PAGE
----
With a mortality rate of up to 88 percent, Marburg virus can rip through a community in days. In 2005, an outbreak of Marburg virus struck a pediatric ward in the country of Angola. With no treatment available, doctors struggled to help as the virus killed 329 of 374 infected patients.
Now, scientists at The Scripps Research Institute (TSRI) have discovered the workings of the first promising treatment for Marburg virus, a pathogen with the same pandemic potential as Ebola virus. The research builds on previous studies showing that an antibody called MR191 can neutralize Marburg—though no one knew exactly how it targeted the virus.
For the new study, TSRI scientists created a map of the virus’ structure and revealed through high-resolution imaging how MR191 targets and neutralizes the virus. This antibody—or a strategy to elicit this antibody in patients—could finally give doctors a way to successfully treat the disease.
“This is the first antibody therapeutic found that could treat Marburg,” says Erica Ollmann Saphire, PhD, a TSRI professor and senior author of the study, published today in the journal Cell Host & Microbe.
“With this new structure, we can start to see how this treatment works,” adds Liam King, a TSRI graduate student and first author of the study. “We have also learned new things about the virus itself that could lead to new treatments and vaccines.”
The scientists used a high-resolution imaging technique called x-ray crystallography and found that MR191 neutralizes the virus by mimicking the host receptor and plugging into a spot on the viral surface called the receptor binding site. With this site occupied, the virus can no longer attach itself to human cells and spread infection.
The imaging also shows part of the architecture of a “wing” that sticks out of the side of the viral structure. The wing was particularly important for researchers to map since it appears to be one of only two known sites where protective human antibodies can bind.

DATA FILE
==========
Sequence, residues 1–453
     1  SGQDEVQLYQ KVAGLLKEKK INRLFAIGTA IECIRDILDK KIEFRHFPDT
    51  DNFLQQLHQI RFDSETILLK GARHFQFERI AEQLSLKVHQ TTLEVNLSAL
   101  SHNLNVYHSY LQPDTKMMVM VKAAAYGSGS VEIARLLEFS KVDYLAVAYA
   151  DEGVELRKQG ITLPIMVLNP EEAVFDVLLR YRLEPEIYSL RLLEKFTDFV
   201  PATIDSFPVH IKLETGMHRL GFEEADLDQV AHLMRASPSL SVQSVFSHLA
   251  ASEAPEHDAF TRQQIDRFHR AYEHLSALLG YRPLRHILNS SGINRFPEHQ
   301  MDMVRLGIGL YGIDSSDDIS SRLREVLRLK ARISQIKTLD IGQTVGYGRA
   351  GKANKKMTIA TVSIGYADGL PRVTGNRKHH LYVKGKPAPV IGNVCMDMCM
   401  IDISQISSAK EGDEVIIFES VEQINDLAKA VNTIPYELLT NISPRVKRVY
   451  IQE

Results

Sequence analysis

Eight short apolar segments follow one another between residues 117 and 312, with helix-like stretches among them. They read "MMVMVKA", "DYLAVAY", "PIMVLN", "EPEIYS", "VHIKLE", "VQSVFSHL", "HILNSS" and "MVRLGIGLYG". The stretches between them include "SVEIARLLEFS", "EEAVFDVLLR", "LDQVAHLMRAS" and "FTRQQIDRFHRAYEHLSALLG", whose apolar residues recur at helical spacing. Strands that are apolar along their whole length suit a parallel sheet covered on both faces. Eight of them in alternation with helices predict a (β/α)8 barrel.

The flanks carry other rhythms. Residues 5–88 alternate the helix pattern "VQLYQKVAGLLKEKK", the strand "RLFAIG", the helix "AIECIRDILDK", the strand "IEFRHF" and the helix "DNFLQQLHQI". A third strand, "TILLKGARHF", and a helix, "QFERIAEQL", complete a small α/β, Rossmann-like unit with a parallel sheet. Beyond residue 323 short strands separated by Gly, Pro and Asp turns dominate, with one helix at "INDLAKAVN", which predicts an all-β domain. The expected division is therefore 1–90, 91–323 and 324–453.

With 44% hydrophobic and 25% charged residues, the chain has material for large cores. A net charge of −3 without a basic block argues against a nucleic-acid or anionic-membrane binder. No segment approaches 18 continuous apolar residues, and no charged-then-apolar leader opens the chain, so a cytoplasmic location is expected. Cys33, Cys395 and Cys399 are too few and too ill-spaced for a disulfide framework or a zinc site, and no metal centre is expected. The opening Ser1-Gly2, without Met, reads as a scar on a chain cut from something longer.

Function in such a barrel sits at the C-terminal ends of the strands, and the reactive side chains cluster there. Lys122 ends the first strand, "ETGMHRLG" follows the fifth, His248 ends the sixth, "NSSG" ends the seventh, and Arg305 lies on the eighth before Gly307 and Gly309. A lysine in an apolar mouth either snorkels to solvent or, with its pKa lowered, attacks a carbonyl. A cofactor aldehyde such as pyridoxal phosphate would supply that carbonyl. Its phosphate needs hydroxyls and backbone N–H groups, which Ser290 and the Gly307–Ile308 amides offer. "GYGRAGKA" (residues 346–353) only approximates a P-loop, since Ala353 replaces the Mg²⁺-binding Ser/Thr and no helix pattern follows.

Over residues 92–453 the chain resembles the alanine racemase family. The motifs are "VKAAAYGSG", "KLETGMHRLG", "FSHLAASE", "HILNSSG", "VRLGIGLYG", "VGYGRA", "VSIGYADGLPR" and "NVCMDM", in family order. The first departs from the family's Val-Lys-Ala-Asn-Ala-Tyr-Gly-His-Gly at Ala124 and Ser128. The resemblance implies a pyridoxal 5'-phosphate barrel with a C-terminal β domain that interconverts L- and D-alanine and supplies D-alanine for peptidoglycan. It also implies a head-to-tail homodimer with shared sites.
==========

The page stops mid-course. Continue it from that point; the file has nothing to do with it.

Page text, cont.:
As researchers draw up the battle plans against Marburg virus, they are noticing important ways Marburg differs from its close relative, Ebola virus. The new study reveals that, unlike the wing on Ebola virus, Marburg’s wing folds around the outside of the glycoprotein spike.
“That finding and others in this structure tell us that Marburg is constructed differently from its cousin, the Ebola virus,” says Ollmann Saphire. “That means the therapeutic strategy for one may need to be different from the other.”
Another key difference: While both viruses use a structure called a glycan cap to shield the vulnerable receptor binding site from the human immune system, the new study reveals that MR191 can get around the glycan cap on Marburg virus—an ability scientists have not observed for any antibodies against Ebola virus.
Ollmann Saphire says the next step is to study how known mutations in Marburg evade such antibodies and to use that information to devise second-line treatments. Soon, the team hopes to see the antibody therapeutic go into clinical trials.